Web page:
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Original Circa 1580 German Combination Wheellock Matchlock Gun with Engraved Inlaid Staghorn

Regular price $24,995.00

Item Description

Original Item: One-of-a-kind. Dating between 1580-1590 this is a fantastic example of a German manufactured combined wheel lock and matchlock musket comprised of a lovely full fruit wood stock with hand engraved inlaid stag horn plaques. The heavy walled octagonal barrel measures 40 inches in length and is struck with a makers mark of a lion inside a shield. The wheel-lock plate measures 12 inches and features a domed wheel cover. Overall the musket measures 52 inches and is offered in wonderful condition. There is evidence of old repairs and minor worm damage which is to be excepted from a 400 year old firearm. Both the matchlock and wheel-lock appear to be functional. Of particular note is the engraved stag horn panel on the left butt stock cheek piece depicting a Turk, or Ottoman, with turban and large mustache. Complete with original ram rod with horn tip and patch box with sliding cover. Overall a magnificent museum worthy example of an early firearm.

Though they provided more reliable ignition when properly maintained and functioning, the complex mechanisms used on wheellocks could fail with wear from extended use and fouling, and they could not be easily repaired. One solution to this incorporated both a wheellock and matchlock mechanism. This would allow the benefit of having a gun always at the ready when necessary but also allow for use as a matchlock if the wheellock mechanism was out of service or if the user had time to light the match and wanted to keep the wheellock mechanism in reserve.

Combination Wheellock Matchlock Guns were not uncommon in the mid to late 16th century with a few examples in the collections of some of the finest museums in the world including a very similar specimen currently at the Metropolitan Museum of Art which can be viewed this link.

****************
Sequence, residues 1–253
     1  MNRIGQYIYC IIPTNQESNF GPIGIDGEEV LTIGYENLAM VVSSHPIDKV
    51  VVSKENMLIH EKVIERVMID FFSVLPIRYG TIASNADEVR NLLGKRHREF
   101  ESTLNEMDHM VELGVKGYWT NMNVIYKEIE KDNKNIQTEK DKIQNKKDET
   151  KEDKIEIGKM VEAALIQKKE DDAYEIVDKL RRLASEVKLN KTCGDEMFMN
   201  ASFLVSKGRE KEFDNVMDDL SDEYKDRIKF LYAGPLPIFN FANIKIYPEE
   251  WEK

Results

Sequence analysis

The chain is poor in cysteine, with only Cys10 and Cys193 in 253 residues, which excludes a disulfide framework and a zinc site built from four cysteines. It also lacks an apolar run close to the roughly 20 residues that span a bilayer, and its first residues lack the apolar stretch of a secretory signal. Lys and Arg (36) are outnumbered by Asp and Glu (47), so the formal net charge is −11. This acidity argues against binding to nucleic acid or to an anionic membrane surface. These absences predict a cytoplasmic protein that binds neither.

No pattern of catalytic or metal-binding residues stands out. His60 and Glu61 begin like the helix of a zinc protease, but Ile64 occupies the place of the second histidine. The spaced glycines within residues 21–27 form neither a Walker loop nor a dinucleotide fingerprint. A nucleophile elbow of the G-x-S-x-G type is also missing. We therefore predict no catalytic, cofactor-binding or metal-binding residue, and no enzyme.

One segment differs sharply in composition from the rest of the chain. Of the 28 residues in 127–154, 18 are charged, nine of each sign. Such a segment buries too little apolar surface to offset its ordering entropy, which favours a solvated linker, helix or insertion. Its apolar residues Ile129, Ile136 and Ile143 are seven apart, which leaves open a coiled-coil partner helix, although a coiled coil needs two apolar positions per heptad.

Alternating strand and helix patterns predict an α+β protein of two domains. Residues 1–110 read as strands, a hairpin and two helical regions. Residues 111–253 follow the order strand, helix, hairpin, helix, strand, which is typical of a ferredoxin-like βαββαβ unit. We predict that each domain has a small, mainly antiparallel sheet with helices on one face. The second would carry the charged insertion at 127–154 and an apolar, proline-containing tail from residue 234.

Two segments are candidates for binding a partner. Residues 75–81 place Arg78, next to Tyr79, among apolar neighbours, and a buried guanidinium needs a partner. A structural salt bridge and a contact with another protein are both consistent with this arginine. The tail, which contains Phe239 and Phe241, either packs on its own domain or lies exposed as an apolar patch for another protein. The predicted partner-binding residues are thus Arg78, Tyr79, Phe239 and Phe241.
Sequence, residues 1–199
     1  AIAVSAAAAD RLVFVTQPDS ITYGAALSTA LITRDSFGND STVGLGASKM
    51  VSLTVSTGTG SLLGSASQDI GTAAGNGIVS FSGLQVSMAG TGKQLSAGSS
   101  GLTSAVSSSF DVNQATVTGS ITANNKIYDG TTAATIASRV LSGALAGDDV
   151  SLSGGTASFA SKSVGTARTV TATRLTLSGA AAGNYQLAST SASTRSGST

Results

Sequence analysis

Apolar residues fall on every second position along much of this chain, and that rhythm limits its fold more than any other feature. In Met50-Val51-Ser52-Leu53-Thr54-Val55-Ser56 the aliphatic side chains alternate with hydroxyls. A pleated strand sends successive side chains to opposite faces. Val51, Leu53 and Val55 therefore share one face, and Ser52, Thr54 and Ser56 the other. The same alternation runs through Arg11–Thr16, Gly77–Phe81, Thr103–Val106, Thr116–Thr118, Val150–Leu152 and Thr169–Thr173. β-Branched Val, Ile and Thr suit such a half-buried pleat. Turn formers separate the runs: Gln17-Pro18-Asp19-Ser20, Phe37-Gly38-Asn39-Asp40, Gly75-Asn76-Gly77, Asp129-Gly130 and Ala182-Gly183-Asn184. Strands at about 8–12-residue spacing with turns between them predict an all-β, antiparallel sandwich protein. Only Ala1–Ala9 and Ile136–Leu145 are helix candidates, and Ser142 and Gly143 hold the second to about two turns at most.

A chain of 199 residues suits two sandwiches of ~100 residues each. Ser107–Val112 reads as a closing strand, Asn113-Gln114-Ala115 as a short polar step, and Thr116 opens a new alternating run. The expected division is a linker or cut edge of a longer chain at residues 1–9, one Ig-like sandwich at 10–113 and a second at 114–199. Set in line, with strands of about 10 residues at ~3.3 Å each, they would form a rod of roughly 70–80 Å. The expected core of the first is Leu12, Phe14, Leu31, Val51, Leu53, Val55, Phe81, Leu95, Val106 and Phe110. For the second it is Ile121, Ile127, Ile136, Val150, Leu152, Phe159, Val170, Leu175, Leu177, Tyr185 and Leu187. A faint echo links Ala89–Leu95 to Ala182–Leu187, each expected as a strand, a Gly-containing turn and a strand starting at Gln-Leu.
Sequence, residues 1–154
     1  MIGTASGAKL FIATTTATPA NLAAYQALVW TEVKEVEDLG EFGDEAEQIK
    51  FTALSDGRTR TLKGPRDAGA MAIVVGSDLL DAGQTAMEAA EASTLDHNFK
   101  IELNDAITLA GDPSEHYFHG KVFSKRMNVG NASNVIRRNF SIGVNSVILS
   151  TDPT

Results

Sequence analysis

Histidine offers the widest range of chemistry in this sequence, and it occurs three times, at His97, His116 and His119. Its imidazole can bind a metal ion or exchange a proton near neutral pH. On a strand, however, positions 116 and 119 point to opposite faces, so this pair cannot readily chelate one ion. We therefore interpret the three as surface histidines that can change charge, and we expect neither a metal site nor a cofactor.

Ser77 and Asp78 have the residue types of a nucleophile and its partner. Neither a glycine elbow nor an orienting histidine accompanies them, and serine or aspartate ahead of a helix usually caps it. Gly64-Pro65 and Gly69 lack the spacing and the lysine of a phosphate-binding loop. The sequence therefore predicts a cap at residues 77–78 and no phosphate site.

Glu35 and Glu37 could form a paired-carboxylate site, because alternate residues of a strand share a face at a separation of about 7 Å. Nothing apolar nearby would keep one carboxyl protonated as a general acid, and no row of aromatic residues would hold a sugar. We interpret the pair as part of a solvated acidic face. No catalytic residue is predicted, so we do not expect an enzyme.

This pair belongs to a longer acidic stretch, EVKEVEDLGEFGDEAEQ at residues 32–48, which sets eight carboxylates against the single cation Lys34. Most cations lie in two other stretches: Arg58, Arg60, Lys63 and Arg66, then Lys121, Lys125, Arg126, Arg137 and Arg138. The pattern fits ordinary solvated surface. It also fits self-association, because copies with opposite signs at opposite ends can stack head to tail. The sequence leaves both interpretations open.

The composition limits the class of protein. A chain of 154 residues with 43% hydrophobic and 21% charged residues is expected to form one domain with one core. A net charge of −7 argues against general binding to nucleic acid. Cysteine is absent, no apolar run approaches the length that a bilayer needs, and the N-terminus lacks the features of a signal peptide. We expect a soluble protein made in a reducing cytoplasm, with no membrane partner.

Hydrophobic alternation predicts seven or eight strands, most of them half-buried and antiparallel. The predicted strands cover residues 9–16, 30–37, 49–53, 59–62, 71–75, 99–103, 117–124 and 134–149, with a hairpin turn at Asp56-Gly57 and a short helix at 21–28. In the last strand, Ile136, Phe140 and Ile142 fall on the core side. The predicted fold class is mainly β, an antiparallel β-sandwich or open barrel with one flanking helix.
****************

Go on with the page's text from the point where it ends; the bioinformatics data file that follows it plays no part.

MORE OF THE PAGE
Because they were primarily the arms of the elite, many wheellock firearms are very fine arms and are the work of multiple talented and specialized craftsmen. Their artistry and rarity has also made them a staple in the arms collections of many art museums around the world. They remained in use for over 200 years, and some black powder and historical reenactment enthusiasts still shoot them today.


Year of Manufacture: Circa 1580 - 1590
Caliber: .55 inches
Ammunition Type: Lead Ball & Powder
Barrel Length: 40 inches

Overall Length: 52 inches
Action: Wheellock and Match Lock
Feed System: Muzzle-Loaded

A wheellock, wheel-lock or wheel lock is a friction-wheel mechanism which creates a spark that causes a firearm to fire. It was the next major development in firearms technology after the matchlock and the first self-igniting firearm. Its name is from its rotating steel wheel to provide ignition. Developed in Europe around 1500, it was used alongside the matchlock and was later superseded by the snaplock (1540s), the snaphance (1560s) and the flintlock (c. 1610s).

The wheellock works by spinning a spring-loaded steel wheel against a piece of pyrite to generate intense sparks, which ignite gunpowder in a pan, which flashes through a small touchhole to ignite the main charge in the firearm's barrel. The pyrite is clamped in vise jaws on a spring-loaded arm (or 'dog'), which rests on the pan cover. When the trigger is pulled, the pan cover is opened, and the wheel is rotated, with the pyrite pressed into contact.

A close modern analogy of the wheellock mechanism is the operation of a lighter, where a toothed steel wheel is spun in contact with a piece of sparking material to ignite the liquid or gaseous fuel.

A wheellock firearm had the advantage that it can be instantly readied and fired even with one hand, in contrast to the then-common matchlock firearms, which must have a burning cord of slow match ready if the gun might be needed and demanded the operator's full attention and two hands to operate. On the other hand, wheellock mechanisms were complex to make, making them relatively costly.

NOTE: International orders of antique firearms MUST be shipped using UPS WW Services (courier). USPS Priority Mail international will not accept these. International customers should always consult their country's antique gun laws prior to ordering.

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